ChatGPT and the ethics of digital citizenship

Mark Luetkehoelter, Librarian

At this point, you have probably heard of ChatGPT. ChatGPT is a conversational natural language processing tool launched by OpenAI in November 2022. Between my writing this and you reading it, it most likely already has made big jumps in its capabilities and other technology is racing to catch up with it (e.g., Google’s rival product, Bard). Artificial intelligence may have reached a tipping point, and if your name is Sarah Connor, you may want to start keeping a sharper eye out for those terminators.
What can ChatGPT do? You can have conversations with it and ask it to perform tasks like composing business proposals or medical notes, coding software programs, writing stories or letters, helping with language translation and so much more. On the flip side, it can also be used to write school papers or take tests, post deceptive misinformation on social media and make life much easier for cybercriminals.
The easiness with which it makes cheating at papers and exams has schools and colleges scrambling for strategies on how to deal with it.
A Dec. 23, 2022, column in The New York Times entitled “How to use ChatGPT and still be a good person” points out that with the excitement of all the wonderful things ChatGPT can do, we should be wary of drawbacks and unintended consequences. The article encourages thoughtful, meaningful considerations of the ethical and safety issues that come with it.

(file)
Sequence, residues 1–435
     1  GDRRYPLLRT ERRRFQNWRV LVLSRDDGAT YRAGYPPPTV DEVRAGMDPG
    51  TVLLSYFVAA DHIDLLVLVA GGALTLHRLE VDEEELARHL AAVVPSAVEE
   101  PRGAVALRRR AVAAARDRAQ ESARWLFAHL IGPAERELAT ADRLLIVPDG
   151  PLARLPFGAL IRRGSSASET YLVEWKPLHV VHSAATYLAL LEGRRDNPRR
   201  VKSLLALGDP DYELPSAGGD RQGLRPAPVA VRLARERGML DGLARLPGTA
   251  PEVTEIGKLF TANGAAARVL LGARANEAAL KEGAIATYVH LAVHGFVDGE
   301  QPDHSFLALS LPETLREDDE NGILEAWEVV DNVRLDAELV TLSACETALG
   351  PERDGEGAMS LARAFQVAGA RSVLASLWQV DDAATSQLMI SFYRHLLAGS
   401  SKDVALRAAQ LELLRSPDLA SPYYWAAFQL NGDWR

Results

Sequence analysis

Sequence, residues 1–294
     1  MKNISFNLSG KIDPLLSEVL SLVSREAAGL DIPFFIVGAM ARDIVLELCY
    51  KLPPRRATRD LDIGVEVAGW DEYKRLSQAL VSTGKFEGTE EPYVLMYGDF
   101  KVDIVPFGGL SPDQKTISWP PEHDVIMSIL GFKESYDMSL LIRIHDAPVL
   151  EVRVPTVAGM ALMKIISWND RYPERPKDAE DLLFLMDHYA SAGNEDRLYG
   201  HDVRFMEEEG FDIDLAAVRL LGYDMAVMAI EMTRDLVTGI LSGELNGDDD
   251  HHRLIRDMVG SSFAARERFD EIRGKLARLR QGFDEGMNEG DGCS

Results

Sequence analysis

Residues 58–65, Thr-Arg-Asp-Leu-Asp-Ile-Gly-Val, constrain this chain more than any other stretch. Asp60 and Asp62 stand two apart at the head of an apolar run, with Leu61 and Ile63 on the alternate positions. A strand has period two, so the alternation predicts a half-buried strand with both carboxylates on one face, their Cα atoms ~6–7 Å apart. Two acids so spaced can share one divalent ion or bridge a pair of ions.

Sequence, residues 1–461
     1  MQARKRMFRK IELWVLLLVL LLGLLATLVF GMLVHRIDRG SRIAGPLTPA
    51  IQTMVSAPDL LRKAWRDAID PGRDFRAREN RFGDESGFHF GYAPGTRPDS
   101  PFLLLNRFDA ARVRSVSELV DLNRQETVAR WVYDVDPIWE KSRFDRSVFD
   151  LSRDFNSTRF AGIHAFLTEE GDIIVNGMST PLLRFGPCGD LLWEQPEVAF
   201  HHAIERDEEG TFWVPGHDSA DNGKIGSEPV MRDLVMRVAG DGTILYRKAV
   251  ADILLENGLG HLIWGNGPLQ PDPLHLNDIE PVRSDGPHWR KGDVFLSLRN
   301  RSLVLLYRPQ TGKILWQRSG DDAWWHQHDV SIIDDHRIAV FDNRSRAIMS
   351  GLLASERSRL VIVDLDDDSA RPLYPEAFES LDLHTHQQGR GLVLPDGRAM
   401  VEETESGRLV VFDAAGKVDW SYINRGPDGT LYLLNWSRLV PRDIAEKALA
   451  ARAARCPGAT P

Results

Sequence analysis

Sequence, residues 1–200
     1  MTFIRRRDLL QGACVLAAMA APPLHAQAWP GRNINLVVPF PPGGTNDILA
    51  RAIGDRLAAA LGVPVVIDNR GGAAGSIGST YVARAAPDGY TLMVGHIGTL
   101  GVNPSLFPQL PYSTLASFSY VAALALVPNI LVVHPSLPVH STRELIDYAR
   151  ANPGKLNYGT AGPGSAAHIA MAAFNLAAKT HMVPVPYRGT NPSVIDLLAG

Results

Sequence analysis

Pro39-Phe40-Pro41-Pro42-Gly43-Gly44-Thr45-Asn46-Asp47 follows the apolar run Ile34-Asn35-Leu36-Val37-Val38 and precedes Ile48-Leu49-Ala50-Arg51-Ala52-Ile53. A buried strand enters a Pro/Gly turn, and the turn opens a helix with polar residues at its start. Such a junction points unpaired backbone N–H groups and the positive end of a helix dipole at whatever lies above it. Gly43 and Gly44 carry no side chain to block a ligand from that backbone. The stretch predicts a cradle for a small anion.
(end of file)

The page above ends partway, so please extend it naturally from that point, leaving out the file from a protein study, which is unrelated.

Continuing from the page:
In addition to that New York Times article, there are many other current articles available through our library databases like EbscoHOST or Opposing Viewpoints examining the pros and cons of ChatGPT and more broadly, artificial intelligence.
A book in the Madison College Libraries you might want to check out is “Ethics in the Digital Domain,” by Robert Fortner. Fortner challenges students to consider the future they inhabit.
It is great all the things technology and artificial intelligence are giving us, but as those things develop, we need to think about the privacy, security, consent, surveillance and discourse issues that go along.
For a little more irreverent and less scary look at the ethics of artificial intelligence, check out Janelle Shane’s “You Look Like a Thing, and I Love You: How Artificial Intelligence Works and Why It’s Making the World a Weirder Place.”
Feb. 23, 2023, is designated as Digital Learning Day. The day is not only meant to celebrate the ever-growing number of ways we can learn in a digital environment, but also to reflect on online privacy, ethics and responsibility. Take a look at the site for some great resources and information about it.
A big aspect of Digital Learning Day is encouraging people to be better digital citizens, to be thoughtful and careful about how they use technology.
To that end, the libraries have assembled some terrific resources on the concept of Digital Citizenship you might want to explore.